Growing up in then recent post-colonial Kenya, I don’t recall when, if ever, race consciousness hit me. My earliest recollections are a blended hue of white, black and brown.
Kikuyu herdsmen, young boys actually, are among my earliest memories. They regularly traveled by our front gate as they tended cattle, sheep and goats. I loved their weathered 1.5 meter long herding sticks, and the ease with which they shrilly whistled at their livestock; similar to what I remember trail hand and cook Frank McGrath shouting and whistling out to his team of horses on the 1960’s TV show, Wagon Train.
I remember our maid occasionally taking me on a long, winding footpath to a local, all-Kikuyu village market where she bought a loaf of white bread. When we arrived home she would cut thick slices, slather on a thick coating of delicious Blue Band margarine, then make hot, sweet, white tea for dipping.
If any negative remembrance of racial encounter during Kindergarten to 2nd grade, it would be a 1st grade bully, who not only convinced and panicked me that our family’s post office box had been left wide open (my khaki school short’s fly/zipper), but regularly threatened me into sharing my food. It would be untrue to call this incident racial just because I was bullied by a black boy. After all, only a few years later in the seventh grade, I was bullied by a white classmate when he sprayed cologne in my eyes following football practice.
For my eldest child and only son (who, incidentally, was born at Parkland Hospital, the same hospital where JFK was taken after being shot, and from where his death was announced), racial consciousness arose out of an apartheid versus colonial context.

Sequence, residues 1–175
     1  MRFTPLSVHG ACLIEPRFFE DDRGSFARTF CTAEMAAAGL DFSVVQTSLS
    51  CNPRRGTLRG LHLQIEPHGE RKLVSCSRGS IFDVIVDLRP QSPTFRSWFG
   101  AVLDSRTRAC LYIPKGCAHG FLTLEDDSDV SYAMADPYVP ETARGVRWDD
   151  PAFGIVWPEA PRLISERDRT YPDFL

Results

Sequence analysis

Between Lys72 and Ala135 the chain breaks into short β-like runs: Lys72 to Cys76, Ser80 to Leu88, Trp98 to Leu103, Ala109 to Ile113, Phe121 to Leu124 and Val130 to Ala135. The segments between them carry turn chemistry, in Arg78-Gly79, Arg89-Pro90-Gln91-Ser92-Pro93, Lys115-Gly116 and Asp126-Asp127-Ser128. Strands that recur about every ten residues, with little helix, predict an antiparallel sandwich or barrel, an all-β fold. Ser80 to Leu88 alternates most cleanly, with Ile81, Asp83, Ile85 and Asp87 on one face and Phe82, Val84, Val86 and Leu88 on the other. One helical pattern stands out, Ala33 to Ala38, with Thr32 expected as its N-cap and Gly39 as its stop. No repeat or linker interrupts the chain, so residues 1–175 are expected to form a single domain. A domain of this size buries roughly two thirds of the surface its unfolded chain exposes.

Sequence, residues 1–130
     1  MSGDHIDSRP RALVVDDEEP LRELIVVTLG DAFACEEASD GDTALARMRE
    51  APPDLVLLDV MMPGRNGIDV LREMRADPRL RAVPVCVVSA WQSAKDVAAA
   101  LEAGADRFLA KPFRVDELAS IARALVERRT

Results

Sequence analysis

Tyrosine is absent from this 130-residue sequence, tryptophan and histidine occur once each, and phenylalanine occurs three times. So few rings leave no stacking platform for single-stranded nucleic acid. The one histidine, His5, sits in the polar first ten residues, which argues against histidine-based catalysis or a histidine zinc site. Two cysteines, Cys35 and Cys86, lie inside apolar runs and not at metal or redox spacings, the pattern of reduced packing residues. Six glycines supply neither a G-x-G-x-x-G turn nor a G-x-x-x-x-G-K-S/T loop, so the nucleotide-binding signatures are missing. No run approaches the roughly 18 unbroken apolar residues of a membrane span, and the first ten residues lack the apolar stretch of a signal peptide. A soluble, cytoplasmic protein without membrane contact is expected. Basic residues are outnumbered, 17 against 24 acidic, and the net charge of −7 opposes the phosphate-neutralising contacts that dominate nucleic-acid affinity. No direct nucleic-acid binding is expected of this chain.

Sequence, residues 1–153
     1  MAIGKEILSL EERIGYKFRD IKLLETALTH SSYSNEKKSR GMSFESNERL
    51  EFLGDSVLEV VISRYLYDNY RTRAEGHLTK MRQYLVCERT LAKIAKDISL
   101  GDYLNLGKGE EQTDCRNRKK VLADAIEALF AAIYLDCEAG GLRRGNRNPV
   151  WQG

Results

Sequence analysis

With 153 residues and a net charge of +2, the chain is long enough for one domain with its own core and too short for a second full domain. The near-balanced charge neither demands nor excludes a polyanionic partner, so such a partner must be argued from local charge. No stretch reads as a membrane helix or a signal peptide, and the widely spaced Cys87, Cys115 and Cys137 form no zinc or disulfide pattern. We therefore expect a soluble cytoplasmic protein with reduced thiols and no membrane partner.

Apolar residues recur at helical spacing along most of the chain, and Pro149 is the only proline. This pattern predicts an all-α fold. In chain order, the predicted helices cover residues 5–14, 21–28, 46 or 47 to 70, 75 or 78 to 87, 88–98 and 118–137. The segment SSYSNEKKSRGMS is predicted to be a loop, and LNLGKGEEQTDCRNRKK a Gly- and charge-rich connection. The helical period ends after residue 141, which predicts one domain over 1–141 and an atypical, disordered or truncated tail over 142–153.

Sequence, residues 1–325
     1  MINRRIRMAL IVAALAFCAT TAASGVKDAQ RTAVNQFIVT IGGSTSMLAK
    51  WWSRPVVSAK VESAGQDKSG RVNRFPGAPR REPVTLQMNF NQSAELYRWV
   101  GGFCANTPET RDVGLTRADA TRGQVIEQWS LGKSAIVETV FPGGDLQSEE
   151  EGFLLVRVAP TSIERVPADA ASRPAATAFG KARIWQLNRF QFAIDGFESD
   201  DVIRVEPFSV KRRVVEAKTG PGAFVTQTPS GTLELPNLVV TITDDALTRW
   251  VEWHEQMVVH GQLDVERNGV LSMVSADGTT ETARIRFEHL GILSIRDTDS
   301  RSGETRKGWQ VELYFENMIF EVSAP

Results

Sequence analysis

At one year of age, my son, plus my wife and I boarded a KLM, Johannesburg bound flight in Amsterdam for what was then apartheid South Africa. It was 1989. We were headed for Thohoyandou (literally “head of elephant”), Venda, one of several so-called independent Bantu homelands within South Africa. In reality they were mere international, geopolitical window dressings, attempts by a white government to legitimate a “separate but equal” racial segregation policy.
What at first was a significant discomfiture – a white and young American family living in and amongst an all-black Venda neighborhood in apartheid South Africa – became a transformative experience for us. For many Venda people who frequented our home, it was their first experience of being in a white person’s home, much less being welcomed as guests.